On his recent visit to the Silicon Valley, Prime Minister Narendra Modi interacted with Facebook founder Mark Zuckerberg and emphasised among other things that his government is now moving away from being in the business of business and instead calling upon private organisations to tap into the immense possibilities offered by the Indian market.
Modi added the government plans to be a facilitator, working towards creating an enabling business environment and removing bottlenecks that have historically throttled their entry into India. He presented the idea of a “Digital India” to the IT industry leaders in the United States and asked them to invest in this initiative.
Here is all about PM Modi’s push:
What is the Digital India initiative?
Launched on July 1, 2015, this initiative aims to transform India into a digitally empowered society and knowledge economy. Digital India is a framework that brings together a large number of ideas and thoughts into a single, comprehensive vision so that each of them is seen as part of a larger goal. It is designed such that each individual element stands on its own but is also part of the larger picture.
Provisioning of high-speed broadband connectivity as a utility to citizens with priority for rural areas. It envisages citizens with a unique digital identification that is lifelong, online and can be authenticated. This will be aided by the push for a secure and safe cyberspace in the country.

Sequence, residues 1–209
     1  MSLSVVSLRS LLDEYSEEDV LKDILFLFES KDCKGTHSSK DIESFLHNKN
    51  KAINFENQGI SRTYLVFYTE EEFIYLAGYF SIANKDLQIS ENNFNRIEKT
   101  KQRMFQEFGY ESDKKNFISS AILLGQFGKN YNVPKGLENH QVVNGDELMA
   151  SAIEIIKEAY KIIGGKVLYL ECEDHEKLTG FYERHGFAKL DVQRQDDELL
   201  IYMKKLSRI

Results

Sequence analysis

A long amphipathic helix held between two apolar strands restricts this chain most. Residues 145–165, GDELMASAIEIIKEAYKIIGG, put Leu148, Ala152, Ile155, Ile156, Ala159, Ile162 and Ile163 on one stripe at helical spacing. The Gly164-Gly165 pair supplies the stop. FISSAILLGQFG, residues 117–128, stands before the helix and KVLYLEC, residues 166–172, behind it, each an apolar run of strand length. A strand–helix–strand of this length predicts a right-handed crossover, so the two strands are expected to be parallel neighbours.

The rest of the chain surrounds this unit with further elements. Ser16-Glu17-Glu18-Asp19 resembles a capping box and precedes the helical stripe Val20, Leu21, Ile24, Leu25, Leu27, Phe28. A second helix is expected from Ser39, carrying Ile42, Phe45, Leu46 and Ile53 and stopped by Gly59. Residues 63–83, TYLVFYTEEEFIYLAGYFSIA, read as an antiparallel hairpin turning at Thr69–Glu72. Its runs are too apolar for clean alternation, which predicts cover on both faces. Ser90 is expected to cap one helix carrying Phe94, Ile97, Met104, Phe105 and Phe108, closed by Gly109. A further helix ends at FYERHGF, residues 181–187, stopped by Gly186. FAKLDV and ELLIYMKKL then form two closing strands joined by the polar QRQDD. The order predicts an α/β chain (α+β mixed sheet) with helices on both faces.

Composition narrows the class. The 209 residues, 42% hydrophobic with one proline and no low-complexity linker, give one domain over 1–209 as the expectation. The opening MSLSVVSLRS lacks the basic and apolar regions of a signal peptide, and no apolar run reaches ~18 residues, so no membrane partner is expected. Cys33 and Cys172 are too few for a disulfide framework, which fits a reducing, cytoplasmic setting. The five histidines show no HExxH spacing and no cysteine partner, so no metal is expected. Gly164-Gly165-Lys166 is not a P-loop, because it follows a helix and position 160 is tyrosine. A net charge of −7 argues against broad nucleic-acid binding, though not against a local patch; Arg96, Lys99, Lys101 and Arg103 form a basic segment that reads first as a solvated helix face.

Governance and service delivery
Provisioning of all government and citizen-facing services through an always-available online platform. Promotion of service delivery in Indian languages for inclusive and active participation.
Giving the power of information in the hands of the citizens, digital empowerment will entitle digital literacy and universal access to digital resources.
How will this be achieved on the ground?
To implement this initiative, nine pillars (plans) have been proposed. These are essentially quantifiable outcomes of the policy and present a road map as to how each of the above three visions can be achieved.
Broadband highways – While the focus is on providing broadband connectivity to 2.5 lakh gram panchayats by 2017, urban areas will also see a change of existing regulations to mandate inclusion of communication infrastructure in new real estate developments. Integration of existing programs like the National Optical Fiber Network (NOFN), State Wide Area Network (SWAN) and the National Knowledge Network (NKN) is being proposed to create a unified National Information Infrastructure (NII) by March 2017.
Universal access to mobile connectivity – Increasing mobile network penetration and covering gaps in present mobile connectivity by bringing 42,300 villages under mobile connectivity by 2018.
Public internet access programme – Taking forward the broadband connectivity to villages under a separate National Rural Internet Mission with additional funding of Rs. 4750 crores. It also aims to convert 1.5 lakh post offices into multi-service centres in the next two years.
E-governance – The plan is to improve the existing processes and delivery of citizen-facing services by integration of UIDAI, payment gateways, mobile solutions and focusing on electronic data interchange over the paper transactions happening today. It aims to transform existing government processes by adopting work flow automation and implementation of real-time public grievance redressal systems.